It was getting to be ludicrous. This 2km section of road was so full of insanely stunning views. I stopped every few meters as some new feature would emerge from around a corner.
The colors of the cliffs, combined with the endless waterfalls, and the scale of the whole thing was just impossible to capture in a photo. Believe me I spent hours trying!
Standing on the edge of that enormous waterfall I saw from Laguna Llorona. Had to be at least a 300’ drop. The kind of sheer drop that makes my ankles get tight and my stomach ache.
It was getting late and I had high hopes of getting to some fabled hot springs a few kilometers up the road. I took in one final view of the insanity and continued on.
Arriving at the location I’d marked for the hot springs on my map, all I saw was a long windy road leading down valley away from the main road. Luckily there was a little house at the top of the road, out of which a woman came and kindly answered my questions. Indeed the hot springs were down there. I’d need to drop about 1000’ of elevation I’d worked so hard to gain, but hot springs are hot springs. You just have to do it.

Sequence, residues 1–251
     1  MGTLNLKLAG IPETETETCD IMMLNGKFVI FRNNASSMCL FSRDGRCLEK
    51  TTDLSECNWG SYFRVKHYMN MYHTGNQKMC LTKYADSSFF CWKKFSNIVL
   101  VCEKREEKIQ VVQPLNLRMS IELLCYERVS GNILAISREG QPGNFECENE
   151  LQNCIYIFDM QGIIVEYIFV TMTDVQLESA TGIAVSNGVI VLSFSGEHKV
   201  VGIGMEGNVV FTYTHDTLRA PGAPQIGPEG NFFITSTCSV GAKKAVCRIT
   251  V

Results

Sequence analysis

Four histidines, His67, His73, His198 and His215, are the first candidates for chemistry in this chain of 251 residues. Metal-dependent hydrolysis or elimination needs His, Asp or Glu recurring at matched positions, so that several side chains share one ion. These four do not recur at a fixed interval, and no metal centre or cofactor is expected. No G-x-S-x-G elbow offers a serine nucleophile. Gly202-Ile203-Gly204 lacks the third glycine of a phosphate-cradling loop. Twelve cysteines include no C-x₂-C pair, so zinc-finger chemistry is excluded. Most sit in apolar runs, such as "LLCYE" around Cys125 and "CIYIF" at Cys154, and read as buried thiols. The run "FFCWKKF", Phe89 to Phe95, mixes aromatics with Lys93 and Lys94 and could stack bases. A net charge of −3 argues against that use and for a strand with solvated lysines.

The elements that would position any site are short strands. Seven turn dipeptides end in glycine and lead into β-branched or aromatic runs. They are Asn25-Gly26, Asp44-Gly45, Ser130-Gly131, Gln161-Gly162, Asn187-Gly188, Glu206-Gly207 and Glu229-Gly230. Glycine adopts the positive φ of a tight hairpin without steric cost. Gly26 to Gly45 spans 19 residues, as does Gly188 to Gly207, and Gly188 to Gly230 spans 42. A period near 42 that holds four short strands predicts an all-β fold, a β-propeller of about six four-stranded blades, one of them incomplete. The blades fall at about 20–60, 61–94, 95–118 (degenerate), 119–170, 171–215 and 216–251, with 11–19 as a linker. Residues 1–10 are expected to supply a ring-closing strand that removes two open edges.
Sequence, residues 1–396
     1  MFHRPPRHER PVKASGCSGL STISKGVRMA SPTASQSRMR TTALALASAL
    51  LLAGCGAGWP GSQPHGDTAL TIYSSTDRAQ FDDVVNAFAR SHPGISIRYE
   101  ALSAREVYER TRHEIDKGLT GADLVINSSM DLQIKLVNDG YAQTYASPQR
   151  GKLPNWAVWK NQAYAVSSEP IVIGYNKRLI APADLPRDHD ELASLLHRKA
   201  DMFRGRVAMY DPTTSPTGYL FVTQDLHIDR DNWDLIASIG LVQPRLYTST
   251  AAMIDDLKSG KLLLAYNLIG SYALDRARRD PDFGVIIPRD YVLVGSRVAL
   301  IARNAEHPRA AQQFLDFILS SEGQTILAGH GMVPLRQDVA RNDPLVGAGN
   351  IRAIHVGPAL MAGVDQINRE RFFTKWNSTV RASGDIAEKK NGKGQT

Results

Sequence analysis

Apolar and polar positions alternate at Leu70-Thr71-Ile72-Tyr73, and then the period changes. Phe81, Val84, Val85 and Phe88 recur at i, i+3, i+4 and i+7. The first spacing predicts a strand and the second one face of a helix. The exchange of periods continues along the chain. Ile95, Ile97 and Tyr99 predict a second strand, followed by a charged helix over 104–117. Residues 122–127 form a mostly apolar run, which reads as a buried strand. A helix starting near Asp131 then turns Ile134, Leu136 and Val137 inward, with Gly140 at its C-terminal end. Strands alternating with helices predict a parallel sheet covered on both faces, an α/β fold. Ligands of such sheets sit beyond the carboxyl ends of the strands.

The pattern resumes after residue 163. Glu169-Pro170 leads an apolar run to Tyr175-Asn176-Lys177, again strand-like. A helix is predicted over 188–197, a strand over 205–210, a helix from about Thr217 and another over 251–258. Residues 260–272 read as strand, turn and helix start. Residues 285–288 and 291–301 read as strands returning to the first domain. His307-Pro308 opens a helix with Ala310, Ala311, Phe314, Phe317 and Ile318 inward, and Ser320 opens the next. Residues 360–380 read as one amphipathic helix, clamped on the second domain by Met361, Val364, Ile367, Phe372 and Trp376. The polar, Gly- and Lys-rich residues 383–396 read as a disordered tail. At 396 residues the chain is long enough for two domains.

1,000,000% worth it. As I rode down the long windy rocky road, I could smell the sulfur. Looking to my left, I could see the steam coming up from the quite loud river. Could it be that the hot springs were actually a full on hydrothermal river???
YES. Yes they were.
I found a flat spot, perched directly OVER the river. As in there was a natural land bridge under which the hot springs flowed. I threw my tent up and frolicked down to the water. It was intensely hot, but there was a perfect pool downstream that was just barely bearable to enter. Luscious. I returned to see all the steam had condensed on my tent fly.
Words cannot express what it feels like to sleep OVER a hot spring river, looking up at a cliff to see the nearly full moon emerge from a dip in the rock face just as the Nevado de Ruiz faded into the night sky behind me. Certainly a night to remember.
My extreme luck with clear weather the day before was made even more lucid when the clouds rolled in the following morning. I imagined some of the views that must have been possible on a clear day here, but felt no FOMO (fear of missing out). Yesterday was too perfect.